A spokesperson for Dataminr said Wednesday: “Dataminr only provides its breaking news alert product to government customers, and this product does not provide any government customers with their own direct firehose access or features to export data; the ability to search raw historical Tweet archives or to target or profile users; conduct geospatial analysis; or any form of surveillance.”
Throughout the document, the company described how it uses Twitter data to produce alerts about public safety incidents and terror attacks ahead of major news reports. In one slide, the company highlights its competitive edge by depicting how its users knew that militants had taken hostages at a Tunisian national museum before "the first major news report."
Dataminr repeatedly emphasized its relationship with Twitter, noting on one slide that it has a “long-term strategic data and product partnership” with the social media company. Twitter owns a 5 percent stake in Dataminr, and gives the company exclusive access to its “firehose,” or its full feed of users’ public posts.
The marketing material also touted Dataminr’s relationship with In-Q-Tel, the CIA's venture capital arm. On a slide titled “About Dataminr,” the company describes its backers and separately highlights its “partnership” with the firm. In-Q-Tel’s investment in Dataminr was first made public in an April 2016 report by The Intercept.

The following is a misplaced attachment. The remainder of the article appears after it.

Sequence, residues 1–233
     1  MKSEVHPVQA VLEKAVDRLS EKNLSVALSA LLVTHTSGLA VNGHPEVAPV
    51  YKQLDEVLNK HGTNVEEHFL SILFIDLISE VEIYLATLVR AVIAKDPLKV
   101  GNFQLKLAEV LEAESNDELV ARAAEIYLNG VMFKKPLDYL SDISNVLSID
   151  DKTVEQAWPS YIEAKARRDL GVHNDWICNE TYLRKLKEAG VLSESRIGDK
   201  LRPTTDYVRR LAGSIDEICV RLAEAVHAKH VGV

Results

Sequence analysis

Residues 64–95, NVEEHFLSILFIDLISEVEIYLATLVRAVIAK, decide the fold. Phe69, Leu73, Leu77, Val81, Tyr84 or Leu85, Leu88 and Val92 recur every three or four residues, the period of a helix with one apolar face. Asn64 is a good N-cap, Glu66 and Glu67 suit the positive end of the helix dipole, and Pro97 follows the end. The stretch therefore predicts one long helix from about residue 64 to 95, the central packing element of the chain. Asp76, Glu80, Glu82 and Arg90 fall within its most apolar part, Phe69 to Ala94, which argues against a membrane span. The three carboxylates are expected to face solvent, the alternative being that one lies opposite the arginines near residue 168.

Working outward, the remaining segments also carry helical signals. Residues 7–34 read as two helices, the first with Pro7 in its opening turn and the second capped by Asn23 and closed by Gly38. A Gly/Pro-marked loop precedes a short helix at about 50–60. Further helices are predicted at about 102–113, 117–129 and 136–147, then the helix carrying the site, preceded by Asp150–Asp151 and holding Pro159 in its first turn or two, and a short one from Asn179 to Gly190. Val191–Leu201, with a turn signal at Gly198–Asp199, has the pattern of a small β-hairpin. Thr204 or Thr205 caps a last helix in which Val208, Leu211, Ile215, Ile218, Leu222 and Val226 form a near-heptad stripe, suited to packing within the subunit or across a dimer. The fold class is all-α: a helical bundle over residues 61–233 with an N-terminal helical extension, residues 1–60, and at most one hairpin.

In December, Twitter announced Dataminr would no longer allow public sector clients to use its geospatial analysis application, which had allowed federally funded police fusion centers to identify individual tweets and users linked to events and keywords. Dataminr told The Verge that fusion centers would still have a “limited version of our product, which provides tailored breaking news alerts based on public Tweets, to those supporting the mission of first response.”
Dataminr’s 2015 marketing document says potential users of its services could specifically include "fusion center personnel.”
The American Civil Liberties Union of Northern California previously expressed concerns to MapLight that Dataminr’s tool could be used to “map political affiliations.” In the 2015 document, Dataminr offered "geographic political analysis" as one of its features.
The company also suggested it could in the future incorporate posts from Instagram and Reddit, “anonymous telecom data,” and “drone image analytics.” Those potential sources were included on the second page of the document, which also prominently depicts the current data streams feeding into its “algorithmic engine.” However, a spokesperson for Dataminr said Wednesday that the company “has never pursued integrating” any of those potential streams into its products.
The document’s cover page says “Embassy of the Republic of Azerbaijan, April 15, 2015.” Emails show Marshall arranged a meeting around that time with diplomats from Azerbaijan, a country accused of jailing activists and journalists. A spokesperson for Dataminr told MapLight last week that Azerbaijan “did not trial the Dataminr product, or have access to the product.”